After more than 10 weeks of protests, the main and largest protester camp in Hong Kong's pro-democracy "Umbrella Movement" was systematically dismantled in a police operation today.
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What started in September with a passionate surge of support tens of thousands strong, initiated in part by police firing tear gas into the crowds, ended 75 days later with a defiant but peaceful sit-in by a core group of 100 protesters who waited more than eight hours for police to arrest them.
After weeks of having their once-venerated reputation tarnished, the arrests conducted by the Hong Kong Police were exceedingly civil and even, at times, polite. Officers would kneel next to a protester and read them their rights before another group of officers would walk or carry them out of the protest zone.
At one point a police representative advised the protesters awaiting arrest to remember to stretch to avoid cramps.
The protesters did not put up much of fight either, shouting, "We want true universal suffrage" as they were escorted one by one into a police transport bus.
The police had given the pro-democracy protesters a two-day warning earlier this week that it would clear the remaining camp today. The main protest camp, which protesters had dubbed "Umbrella Square," straddled and occupied a main stretch of highway in Hong Kong and had caused gridlock across the city for the past couple of months.
After one last rally that brought out over 10,000 supporters Wednesday night, only a core group of about 100 pro-democracy lawmakers, activists and students leaders remained by the time the police sealed off the site mid-afternoon
Shortly after 2 p.m. local time, police surrounded the protest site and marched slowly in a line formation, pushing past and tearing down tents and belongings for the dump trucks that followed behind. Many of the protesters had already packed up and left the site before the police curfew, leaving behind a largely empty protest village.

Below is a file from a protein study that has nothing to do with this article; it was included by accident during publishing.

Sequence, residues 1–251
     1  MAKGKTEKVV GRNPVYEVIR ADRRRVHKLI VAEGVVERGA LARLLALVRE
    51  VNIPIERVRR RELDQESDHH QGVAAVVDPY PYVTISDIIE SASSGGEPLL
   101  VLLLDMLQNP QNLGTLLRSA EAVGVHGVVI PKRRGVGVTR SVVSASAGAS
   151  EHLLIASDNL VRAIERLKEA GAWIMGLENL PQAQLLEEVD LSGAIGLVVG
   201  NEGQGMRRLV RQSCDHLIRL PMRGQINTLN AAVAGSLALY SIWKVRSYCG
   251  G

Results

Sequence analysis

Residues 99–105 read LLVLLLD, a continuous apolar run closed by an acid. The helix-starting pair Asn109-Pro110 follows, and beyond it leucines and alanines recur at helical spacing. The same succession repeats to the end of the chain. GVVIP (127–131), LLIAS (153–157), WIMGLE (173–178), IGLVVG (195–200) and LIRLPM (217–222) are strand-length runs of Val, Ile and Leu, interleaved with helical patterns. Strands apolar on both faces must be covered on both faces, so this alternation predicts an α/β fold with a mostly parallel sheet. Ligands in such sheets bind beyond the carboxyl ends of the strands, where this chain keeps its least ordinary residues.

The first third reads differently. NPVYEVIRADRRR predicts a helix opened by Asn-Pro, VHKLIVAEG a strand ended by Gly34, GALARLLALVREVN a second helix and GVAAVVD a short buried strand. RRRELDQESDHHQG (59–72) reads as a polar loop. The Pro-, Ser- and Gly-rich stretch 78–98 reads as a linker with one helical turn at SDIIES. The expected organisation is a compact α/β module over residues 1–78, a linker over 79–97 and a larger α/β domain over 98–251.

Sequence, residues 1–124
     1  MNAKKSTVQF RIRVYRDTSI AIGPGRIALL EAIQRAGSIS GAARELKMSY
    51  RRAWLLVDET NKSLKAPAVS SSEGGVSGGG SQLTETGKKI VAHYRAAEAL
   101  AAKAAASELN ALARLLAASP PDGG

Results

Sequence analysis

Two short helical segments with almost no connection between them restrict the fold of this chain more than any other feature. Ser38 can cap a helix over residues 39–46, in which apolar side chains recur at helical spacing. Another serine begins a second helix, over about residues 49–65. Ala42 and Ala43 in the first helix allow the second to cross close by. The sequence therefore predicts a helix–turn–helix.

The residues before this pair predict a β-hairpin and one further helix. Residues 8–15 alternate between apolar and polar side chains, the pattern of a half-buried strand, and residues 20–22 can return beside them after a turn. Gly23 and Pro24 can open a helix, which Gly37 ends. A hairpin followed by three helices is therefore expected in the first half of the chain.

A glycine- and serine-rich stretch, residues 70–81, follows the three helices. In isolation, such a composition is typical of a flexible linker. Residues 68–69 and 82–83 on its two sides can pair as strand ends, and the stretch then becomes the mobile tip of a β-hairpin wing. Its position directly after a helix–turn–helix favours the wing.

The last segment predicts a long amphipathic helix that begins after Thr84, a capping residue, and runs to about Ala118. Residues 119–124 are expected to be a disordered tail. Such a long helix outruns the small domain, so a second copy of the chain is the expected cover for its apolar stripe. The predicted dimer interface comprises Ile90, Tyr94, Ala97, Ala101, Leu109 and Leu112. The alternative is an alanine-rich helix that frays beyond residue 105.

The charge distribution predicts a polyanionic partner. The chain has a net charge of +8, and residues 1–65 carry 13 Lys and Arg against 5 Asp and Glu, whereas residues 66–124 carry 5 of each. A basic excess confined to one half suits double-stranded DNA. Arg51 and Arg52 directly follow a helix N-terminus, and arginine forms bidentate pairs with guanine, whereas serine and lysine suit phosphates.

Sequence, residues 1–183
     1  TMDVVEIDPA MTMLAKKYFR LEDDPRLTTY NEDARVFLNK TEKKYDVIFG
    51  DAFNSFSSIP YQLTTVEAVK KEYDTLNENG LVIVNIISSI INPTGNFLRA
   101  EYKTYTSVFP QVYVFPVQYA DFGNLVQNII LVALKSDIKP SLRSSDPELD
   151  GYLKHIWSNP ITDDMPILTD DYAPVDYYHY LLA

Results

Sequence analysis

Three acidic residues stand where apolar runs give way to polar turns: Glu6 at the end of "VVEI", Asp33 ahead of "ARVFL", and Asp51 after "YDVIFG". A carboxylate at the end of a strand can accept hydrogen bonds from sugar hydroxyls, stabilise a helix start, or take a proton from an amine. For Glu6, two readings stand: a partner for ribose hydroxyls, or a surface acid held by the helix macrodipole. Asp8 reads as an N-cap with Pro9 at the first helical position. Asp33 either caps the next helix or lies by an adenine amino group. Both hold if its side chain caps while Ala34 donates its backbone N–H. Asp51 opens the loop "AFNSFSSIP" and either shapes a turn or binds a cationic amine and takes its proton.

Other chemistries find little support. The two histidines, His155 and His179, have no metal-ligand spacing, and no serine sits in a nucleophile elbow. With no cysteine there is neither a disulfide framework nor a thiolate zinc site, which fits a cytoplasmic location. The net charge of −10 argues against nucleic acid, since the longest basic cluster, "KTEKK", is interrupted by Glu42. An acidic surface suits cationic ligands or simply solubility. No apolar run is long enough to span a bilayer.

Exhausted and frustrated by the lack of concessions by Beijing or the Hong Kong government, turnout and support for the student-led protests had waned in the recent month. In a poll conducted last month by Hong Kong University, 80 percent of respondents wanted the occupation to end.
The largely peaceful protests occasionally descended into violent confrontations with riot police, which reached its peak last week as the students made a failed attempt at blockading the government offices.
The protesters want Beijing to allow free elections for Hong Kong's next leader in 2017. China says it will allow everyone in the self-governing Chinese territory to vote but a pro-Beijing committee will pre-screen candidates.
The pro-democracy protests in Hong Kong was seen by many as one of the most serious challenges to the Chinese Communist Party's authority a since the 1989 pro-democracy demonstrations in Beijing's Tiananmen Square.
While the protesters left the highways of downtown Hong Kong today (a tiny holdout in a shopping district still remains), student leaders say the legacy of the past 10 weeks will remain.
"The biggest success of the protests is that people are awakened," leader Alex Chow, 24, told The Wall Street Journal. "The young generation will be the engine of reform."
Despite the unpopularity of the Occupy methods, Hong Kong residents remain fairly evenly split, especially between older and younger generations, on the way forward for city's democratic future.
Before the police cleared the site, banners left behind by the protesters gave a warning to Beijing and Hong Kong Government: "We Will Be Back."